Making sense of science

Newsletter March 2020

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This month in science (March 2020)

As the Covid-19 pandemic continues to spread rapidly, research labs in France and around the world are on a war footing to face this unprecedented crisis. "Research is essential to our nation," reiterated Antoine Petit, Chairman and CEO of the French National Centre for Scientific Research last week. "It cannot and must not stop. Now more than ever, we must also provide our fellow citizens with reliable scientific information in these troubled times. We are making every effort to do so." 

life article
Basic Science is the Best Protection Against Epidemics
[COVID-19] A specialist in the replication of RNA viruses such as coronavirus, CNRS research professor Bruno Canard expresses his views on the CoVID-19 epidemic and the long-term importance of basic research for combatting these viruses more effectively.
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life society article
COVID-19: How Are Epidemic Models Designed?
[COVID-19] Epidemiology is based on models and simulations of contaminations affecting society. During the coronavirus (COVID-19) crisis, citizens are anxiously awaiting and scrutinising each new scientific publication. CNRS News sheds light on these tools that are now hitting the headlines.
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life society article
Delaying the Epidemic to Help the System Adapt
[COVID-19] ​Interview with Josselin Thuilliez, a health economist, on coronavirus. This CNRS scientist works on epidemics and their impact on individual behaviours, healthcare systems and control policies. He is a member of REACTing, a consortium set up to coordinate research on emerging outbreaks.
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Also this month
digital article
Taking on the Great Mathematical Conjectures
Mathematics Some key issues remain unresolved over time, eluding even the greatest minds. In honour of France’s Year of Mathematics, CNRS News looks at a few of history’s most famous mathematical conjectures, some of which remain unproven and continue to stimulate research.
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society article
Is Menopause a Social Construct?
Sociology Far from being a universal experience, menopause may also be a social construct which, by focusing attention on female ageing, could shed light on gender-based social relations in Western society. An interview with the sociologist Cécile Charlap, author of a book on the issue.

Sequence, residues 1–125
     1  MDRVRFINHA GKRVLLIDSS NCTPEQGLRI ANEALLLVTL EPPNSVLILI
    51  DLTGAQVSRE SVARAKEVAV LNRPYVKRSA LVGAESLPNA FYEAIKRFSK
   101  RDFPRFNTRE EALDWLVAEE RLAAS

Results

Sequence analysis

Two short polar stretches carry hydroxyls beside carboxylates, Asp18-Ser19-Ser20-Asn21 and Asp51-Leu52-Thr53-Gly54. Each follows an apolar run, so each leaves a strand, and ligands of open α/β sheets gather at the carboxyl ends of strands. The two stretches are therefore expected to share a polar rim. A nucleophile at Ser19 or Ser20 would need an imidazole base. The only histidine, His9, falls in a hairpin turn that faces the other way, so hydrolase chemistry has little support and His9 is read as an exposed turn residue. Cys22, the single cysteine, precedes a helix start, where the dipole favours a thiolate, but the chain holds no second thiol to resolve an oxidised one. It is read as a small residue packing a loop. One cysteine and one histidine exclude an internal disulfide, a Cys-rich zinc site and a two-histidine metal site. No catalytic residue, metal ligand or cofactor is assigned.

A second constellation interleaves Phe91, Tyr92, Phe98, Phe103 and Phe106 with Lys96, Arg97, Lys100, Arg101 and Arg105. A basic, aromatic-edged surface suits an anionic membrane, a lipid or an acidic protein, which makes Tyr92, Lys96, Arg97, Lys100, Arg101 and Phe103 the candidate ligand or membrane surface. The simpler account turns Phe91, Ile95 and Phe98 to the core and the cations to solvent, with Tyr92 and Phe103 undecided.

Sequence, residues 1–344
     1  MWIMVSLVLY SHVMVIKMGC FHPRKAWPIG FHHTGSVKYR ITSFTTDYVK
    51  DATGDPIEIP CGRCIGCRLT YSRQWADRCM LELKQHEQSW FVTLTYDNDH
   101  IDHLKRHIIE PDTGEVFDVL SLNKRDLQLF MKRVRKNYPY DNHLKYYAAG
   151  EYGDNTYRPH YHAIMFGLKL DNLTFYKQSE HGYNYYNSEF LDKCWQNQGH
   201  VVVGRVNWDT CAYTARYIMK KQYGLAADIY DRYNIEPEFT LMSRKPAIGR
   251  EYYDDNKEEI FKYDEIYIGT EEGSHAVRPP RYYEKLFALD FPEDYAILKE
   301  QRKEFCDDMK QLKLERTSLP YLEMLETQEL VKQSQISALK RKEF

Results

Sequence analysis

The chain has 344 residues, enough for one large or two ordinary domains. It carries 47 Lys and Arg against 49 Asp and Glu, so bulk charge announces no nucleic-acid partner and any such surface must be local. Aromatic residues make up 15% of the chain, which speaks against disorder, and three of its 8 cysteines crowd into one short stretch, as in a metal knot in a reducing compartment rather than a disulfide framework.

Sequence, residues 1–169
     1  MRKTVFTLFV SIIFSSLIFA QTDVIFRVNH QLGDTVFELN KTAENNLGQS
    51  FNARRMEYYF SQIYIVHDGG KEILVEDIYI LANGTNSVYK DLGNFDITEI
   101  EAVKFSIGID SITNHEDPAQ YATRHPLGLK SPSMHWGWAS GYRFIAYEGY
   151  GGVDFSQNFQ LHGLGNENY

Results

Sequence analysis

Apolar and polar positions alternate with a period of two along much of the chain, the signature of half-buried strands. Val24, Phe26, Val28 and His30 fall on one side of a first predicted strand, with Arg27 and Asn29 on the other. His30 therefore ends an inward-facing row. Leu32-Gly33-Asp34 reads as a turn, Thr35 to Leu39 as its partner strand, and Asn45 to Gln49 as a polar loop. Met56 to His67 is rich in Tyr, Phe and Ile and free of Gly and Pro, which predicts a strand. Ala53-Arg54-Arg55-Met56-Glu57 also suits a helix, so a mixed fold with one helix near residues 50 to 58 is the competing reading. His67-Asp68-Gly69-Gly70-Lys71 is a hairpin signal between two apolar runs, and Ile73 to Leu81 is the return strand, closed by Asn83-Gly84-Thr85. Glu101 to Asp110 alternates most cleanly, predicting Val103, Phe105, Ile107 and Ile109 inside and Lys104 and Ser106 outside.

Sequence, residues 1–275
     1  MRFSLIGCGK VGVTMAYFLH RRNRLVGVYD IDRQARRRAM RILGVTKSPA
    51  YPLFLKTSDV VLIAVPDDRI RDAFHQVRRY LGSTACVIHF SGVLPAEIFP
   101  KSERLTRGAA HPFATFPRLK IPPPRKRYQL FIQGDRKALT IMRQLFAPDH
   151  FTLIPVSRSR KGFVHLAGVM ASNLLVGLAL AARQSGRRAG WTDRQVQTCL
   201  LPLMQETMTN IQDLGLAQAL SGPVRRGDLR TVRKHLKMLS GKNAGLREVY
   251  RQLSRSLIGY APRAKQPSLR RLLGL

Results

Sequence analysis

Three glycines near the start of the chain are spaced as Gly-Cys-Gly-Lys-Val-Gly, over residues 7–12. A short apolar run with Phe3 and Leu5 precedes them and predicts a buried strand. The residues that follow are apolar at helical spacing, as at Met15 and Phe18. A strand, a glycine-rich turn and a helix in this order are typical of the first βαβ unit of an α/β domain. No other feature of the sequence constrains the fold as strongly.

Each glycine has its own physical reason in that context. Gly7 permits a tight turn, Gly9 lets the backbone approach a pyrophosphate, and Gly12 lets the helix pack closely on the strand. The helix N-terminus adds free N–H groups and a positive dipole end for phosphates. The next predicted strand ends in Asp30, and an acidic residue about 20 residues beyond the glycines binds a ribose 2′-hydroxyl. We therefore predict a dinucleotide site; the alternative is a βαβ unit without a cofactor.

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life article
Of Wolves, Deer and Men
Ecology Wolves are increasingly singled out for their impact on livestock. In a recent study however, three researchers advocate a more balanced view, and emphasise that these mammals also have beneficial effects, for instance by controlling deer populations.
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matter video
The Future of Data Storage
nanotechnology Some 90% of the digital information that exists today was created in the past two years! Data is generated at an increasingly fast rate and finding new materials able to capture this expanding digital world while using less energy has become a priority for many research laboratories around the...
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life article
A New Diet to Slow Down Alzheimer’s Disease?
Neuroscience French scientists have discovered a metabolic deficit that may be central to the cognitive disorders linked to Alzheimer’s disease. In the longer term, this raises hopes of a potential therapeutic approach designed to delay the onset of symptoms by means of dietary supplementation.
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society article
Data, a Treasure to Be Shared
Open Science Data openness and sharing, which are becoming a necessity, could lead to new discoveries. This will require appropriate resources, as well as coordinated reflection across borders.
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And the latest from the CNRS
Press Releases
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Jupiter’s Great Red Spot shrinking in size but not in thickness
The origin of satiety: brain cells that change shape after a meal
Triglycerides control neurons in the reward circuit
International Collaborations
Towards a partnership in humanities and social sciences at the University of Warsaw
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